Stamford has fewer building issues but there is a question of who owns the school building, which also houses the town offices, town library and Stamford Seniors activities. Both buildings' town libraries should be assessed for educational access.
The use of both schools is seen as a way to address a number of space shortcomings by turning Stamford into a prekindergarten to Grade 2 early education center and sending the older students up to Grade 8 to Clarksburg.
"This would certainly allow us to address the prekindergarten issue, which is a big issue for our town,
said North Berkshire School Union Superintendent John Franzoni. "I think as the report says over 90 percent of school districts in Massachusetts have a prekindergarten program. We do not have one right now."
The merger agreement would identify a new collective bargaining unit of teachers from both schools. Vermont teachers with three years experience to be grandfathered into Massachusetts certification. Future teachers would automatically be part of the Massachusetts Teachers Retirement System. These actions would require language changes and a discussion of health benefits.
PCG's MaryEllen Hannon said the study looked at existing interstate school districts — there are two Vermont/New Hampshire districts now and a third being considered — in recommending a governance structure.
"The governance structure that we're recommending is four members of Clarksburg and three members of Stamford with two-thirds majority [five votes] on important issues that have to be decided," she said. "Therefore one town does not get to dominate any decisions being made. It needs to be a collaborative focus and conversation."
At least one member from both towns would have to be present to take a vote and even in a simple majority vote, at least one affirmative vote from each town would be required to pass. Each town is also recommended to have a voting member on the NBSU committee.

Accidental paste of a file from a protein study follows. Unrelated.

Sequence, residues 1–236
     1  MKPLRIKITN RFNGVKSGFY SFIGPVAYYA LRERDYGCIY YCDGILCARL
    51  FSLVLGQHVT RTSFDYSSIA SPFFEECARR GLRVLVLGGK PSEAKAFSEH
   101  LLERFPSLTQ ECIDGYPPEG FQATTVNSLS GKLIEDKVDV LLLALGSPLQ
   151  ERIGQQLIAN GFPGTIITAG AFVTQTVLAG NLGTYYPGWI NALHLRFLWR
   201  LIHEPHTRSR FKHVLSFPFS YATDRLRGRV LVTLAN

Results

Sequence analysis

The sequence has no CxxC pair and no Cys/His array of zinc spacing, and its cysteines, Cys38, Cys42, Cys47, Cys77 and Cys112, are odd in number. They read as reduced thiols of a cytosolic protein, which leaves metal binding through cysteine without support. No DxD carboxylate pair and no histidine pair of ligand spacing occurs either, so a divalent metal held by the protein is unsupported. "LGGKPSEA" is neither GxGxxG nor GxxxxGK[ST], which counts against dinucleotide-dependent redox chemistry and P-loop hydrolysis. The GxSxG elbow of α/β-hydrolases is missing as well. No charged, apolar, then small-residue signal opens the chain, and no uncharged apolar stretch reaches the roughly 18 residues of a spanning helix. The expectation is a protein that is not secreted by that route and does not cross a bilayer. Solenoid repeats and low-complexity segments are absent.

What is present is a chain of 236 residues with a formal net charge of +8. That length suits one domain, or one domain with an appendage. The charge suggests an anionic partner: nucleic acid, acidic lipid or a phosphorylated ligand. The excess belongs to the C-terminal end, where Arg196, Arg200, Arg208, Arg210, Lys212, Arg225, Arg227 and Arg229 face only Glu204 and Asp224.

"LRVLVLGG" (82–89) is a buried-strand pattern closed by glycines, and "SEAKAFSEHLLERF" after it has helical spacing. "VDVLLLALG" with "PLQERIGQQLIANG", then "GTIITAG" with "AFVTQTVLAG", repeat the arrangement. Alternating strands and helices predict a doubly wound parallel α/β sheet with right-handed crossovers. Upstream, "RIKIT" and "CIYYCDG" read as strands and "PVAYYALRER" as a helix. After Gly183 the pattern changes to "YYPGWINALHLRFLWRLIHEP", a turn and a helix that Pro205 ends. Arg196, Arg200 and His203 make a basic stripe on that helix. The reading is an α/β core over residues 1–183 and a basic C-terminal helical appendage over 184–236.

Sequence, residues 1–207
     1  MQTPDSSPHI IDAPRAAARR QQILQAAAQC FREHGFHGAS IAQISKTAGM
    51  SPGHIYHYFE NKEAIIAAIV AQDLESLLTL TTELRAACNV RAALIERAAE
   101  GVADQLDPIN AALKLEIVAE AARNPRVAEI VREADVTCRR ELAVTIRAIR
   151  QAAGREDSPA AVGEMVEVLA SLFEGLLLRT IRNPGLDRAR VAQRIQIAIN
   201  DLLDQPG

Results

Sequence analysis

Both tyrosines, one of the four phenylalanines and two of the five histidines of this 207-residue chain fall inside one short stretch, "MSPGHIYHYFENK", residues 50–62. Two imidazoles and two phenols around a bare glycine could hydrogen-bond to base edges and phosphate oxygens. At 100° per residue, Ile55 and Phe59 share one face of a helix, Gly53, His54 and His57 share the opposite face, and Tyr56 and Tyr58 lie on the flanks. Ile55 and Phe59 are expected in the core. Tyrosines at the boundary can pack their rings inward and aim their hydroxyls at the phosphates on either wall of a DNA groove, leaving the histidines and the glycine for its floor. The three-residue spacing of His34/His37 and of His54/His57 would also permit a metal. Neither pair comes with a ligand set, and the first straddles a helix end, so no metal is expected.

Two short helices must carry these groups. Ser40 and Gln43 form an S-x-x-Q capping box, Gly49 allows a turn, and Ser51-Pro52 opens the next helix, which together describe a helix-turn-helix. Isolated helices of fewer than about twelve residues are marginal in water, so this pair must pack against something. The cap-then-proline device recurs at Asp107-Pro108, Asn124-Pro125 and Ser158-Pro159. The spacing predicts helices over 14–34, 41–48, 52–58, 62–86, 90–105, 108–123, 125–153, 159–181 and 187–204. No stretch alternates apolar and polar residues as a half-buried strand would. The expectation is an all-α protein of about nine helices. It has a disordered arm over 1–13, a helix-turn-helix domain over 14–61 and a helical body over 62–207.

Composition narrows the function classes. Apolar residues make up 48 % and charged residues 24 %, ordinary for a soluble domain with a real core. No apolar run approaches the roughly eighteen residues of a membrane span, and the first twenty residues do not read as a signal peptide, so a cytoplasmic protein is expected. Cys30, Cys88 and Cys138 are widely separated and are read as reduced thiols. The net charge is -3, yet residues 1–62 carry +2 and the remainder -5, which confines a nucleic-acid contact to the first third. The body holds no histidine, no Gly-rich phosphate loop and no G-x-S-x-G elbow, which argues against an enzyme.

Such a structure would avoid a situation as happened in the former Adams-Cheshire Regional School District when the committee voted along town lines to close Cheshire School, causing a great deal of friction between the two communities.
The next steps would be seeking legal assistance in writing an agreement and legislation, should the towns vote to move forward. And working with tax attorneys to determine how property taxes might be affected.
Franzoni said the towns have been able obtain grant funding in the past to pay for the studies but the pandemic has greatly changed the state's financial picture.
"I think given the current situation it might be a little more challenging but it would certainly be something we have to leave to our school committees and select boards to ask them for approval because obviously budgets are a little uncertain right now," he said. "We'll have to explore what funds are available to to cover legal or other process would be incurred going forward with any further work."
Stamford school officials were hesitant to consider another special town meeting vote until Clarksburg makes a decision, particularly about its building. Clarksburg has scheduled its annual town meeting in June; Stamford's was held in early March.
"Right now, I feel Stamford's in a holding position until Clarksburg decides what they want to do with their building," said School Board Director Barb Malinowski.
Director Helen Field agreed, saying "it does seem a little awkward to ask Stamford what they want to do until we hear back from Clarksburg. So it sounds like we're in a holding pattern on two different levels — both the virus, COVID-level finance issues and waiting for Clarksburg."
But Field didn't think the research would be outdated soon so would still be useful if the merger took longer than anticipated.
The PCG consultants encouraged both schools to consider implementing recommendations including long-term capital plans, possible shared opportunities and, for Clarksburg, exploring regionalization with NBSU or North Adams.
"We from PCG strongly believe that really some type of action is needed," said Preston-Sicari. "Remaining as is may not be a long-term solution for either community."